Price: A Touch ‘n Go card can be purchased at the price of RM10, without any loaded value. It can be bought at Touch ‘n Go Hubs, Touch ‘n Go SPOTs a selected petrol stations, Touch ‘n Go Sales Counters, or LRT stations.
The 悠遊卡, otherwise known as EasyCard, can be for payment on the Taipei Metro (also known as “Taipei MRT” or “Taipei Rapid Transit System”), buses, and other public transport services in Taipei. Having expanded to multiple places of business, its use has also since been expanded to include convenience stores, department stores, supermarkets, taxis, and other retailers.
Price: An adult EasyCard costs NT$500, inclusive of a NT$400 balance and NT$100 deposit. It can be bought at all MRT stations and convenience stores such as 7-Eleven or FamilyMart. Taiwan also occasionally release limited edition cards.
The T-money card can be used to pay for bus, subway and some taxi fares in and around Seoul and other places in South Korea such as (but not limited to) Gyeonggi-do, Incheon, Busan, Daegu, Daejeon, Jeju, Gangwon, and Gwangju. Like many other smart cards, T-money can also be used in lieu of cash or credit cards in some businesses. This includes stores and attractions including Seoul’s four palaces (except Gyeonghuigung), Lotte World amusement park, Kyobo Book Centre, GS 25, CU/FamilyMart and other selected convenience stores.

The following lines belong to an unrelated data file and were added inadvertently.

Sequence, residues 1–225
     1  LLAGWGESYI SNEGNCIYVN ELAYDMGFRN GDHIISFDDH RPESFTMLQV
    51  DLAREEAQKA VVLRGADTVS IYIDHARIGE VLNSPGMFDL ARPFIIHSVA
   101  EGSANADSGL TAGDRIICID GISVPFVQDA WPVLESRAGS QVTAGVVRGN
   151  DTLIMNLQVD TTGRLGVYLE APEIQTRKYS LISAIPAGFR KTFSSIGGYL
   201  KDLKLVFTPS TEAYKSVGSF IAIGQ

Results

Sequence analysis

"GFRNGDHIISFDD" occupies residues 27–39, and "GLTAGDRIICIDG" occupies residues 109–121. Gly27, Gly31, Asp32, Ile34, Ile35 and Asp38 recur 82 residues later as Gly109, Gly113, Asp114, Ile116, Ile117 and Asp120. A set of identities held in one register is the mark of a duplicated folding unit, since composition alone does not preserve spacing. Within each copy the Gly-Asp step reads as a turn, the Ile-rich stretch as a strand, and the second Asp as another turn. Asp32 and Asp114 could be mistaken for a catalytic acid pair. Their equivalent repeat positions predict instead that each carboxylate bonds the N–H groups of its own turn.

Price: A T-money card costs KRW2,500 to KRW4,000. T-money has also rolled out accessories such as watches, dolls, portable memory sicks, rings, bands, and small cards with a lanyard. It can be bought at convenience stores (GS25, CU, 7-Eleven, Ministop, With Me, Buy The Way, Story Way, etc.) or from ticket vending and card reload devices inside subway stations.
The multiple award-winning Octopus card system is the second contactless smart card in the world and was originally introduced for fare payment on the Mass Transit Railway (MTR). But it has since grown into a widely used payment system for all public transport in Hong Kong. The Octopus card has also grown to be used for payment in many retail shops in Hong Kong, from convenience stores, supermarkets, fast-food restaurants, on-street parking meters, car parks, to other point-of-sale applications such as service stations and vending machines.
Price: The standard “on-loan” Octopus card costs HK$150 and includes an initial HK$100 of credit plus a refundable HK$50 deposit. It can be bought at all MTR stations, including at the Airport Express station at Hong Kong International Airport.
There are no railways in Macau, but bus and taxi services serve as the primary means of public transportation in Macau. Buses are the best way to get around and if you’re planning on staying for a couple of days, it’s best to get the Macau Pass. The card can be used to pay for bus rides, and it will even you a 30-40 percent discount on the bus fare. These days, it is also accepted by vending machines, supermarkets, convenience stores, select F&B outlets, and other shopping and services.
Price: A Macau Pass for MOP$130, with MOP$100 value and MOP$30 deposit. It can be bought at the Trans Macau Office.